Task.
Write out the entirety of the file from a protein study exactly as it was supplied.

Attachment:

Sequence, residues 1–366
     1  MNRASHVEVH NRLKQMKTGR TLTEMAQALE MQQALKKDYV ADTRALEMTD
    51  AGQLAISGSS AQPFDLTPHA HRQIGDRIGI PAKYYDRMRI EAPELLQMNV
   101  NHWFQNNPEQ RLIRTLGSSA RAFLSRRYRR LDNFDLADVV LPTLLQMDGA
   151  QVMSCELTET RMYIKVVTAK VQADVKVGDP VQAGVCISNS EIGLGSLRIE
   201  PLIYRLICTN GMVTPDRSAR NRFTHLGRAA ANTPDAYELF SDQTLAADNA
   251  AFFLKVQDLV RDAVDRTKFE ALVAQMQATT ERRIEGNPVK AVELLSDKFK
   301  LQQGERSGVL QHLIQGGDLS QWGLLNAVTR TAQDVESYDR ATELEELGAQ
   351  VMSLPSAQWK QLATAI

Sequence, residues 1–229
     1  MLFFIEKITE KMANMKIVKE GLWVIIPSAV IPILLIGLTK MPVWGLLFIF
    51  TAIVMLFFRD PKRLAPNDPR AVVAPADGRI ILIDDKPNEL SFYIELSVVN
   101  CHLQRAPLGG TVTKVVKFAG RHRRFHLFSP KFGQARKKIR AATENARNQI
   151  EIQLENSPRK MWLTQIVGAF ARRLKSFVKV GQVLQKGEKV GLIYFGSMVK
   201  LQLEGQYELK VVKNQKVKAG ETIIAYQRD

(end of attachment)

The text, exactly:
Sequence, residues 1–366
     1  MNRASHVEVH NRLKQMKTGR TLTEMAQALE MQQALKKDYV ADTRALEMTD
    51  AGQLAISGSS AQPFDLTPHA HRQIGDRIGI PAKYYDRMRI EAPELLQMNV
   101  NHWFQNNPEQ RLIRTLGSSA RAFLSRRYRR LDNFDLADVV LPTLLQMDGA
   151  QVMSCELTET RMYIKVVTAK VQADVKVGDP VQAGVCISNS EIGLGSLRIE
   201  PLIYRLICTN GMVTPDRSAR NRFTHLGRAA ANTPDAYELF SDQTLAADNA
   251  AFFLKVQDLV RDAVDRTKFE ALVAQMQATT ERRIEGNPVK AVELLSDKFK
   301  LQQGERSGVL QHLIQGGDLS QWGLLNAVTR TAQDVESYDR ATELEELGAQ
   351  VMSLPSAQWK QLATAI

Sequence, residues 1–229
     1  MLFFIEKITE KMANMKIVKE GLWVIIPSAV IPILLIGLTK MPVWGLLFIF
    51  TAIVMLFFRD PKRLAPNDPR AVVAPADGRI ILIDDKPNEL SFYIELSVVN
   101  CHLQRAPLGG TVTKVVKFAG RHRRFHLFSP KFGQARKKIR AATENARNQI
   151  EIQLENSPRK MWLTQIVGAF ARRLKSFVKV GQVLQKGEKV GLIYFGSMVK
   201  LQLEGQYELK VVKNQKVKAG ETIIAYQRD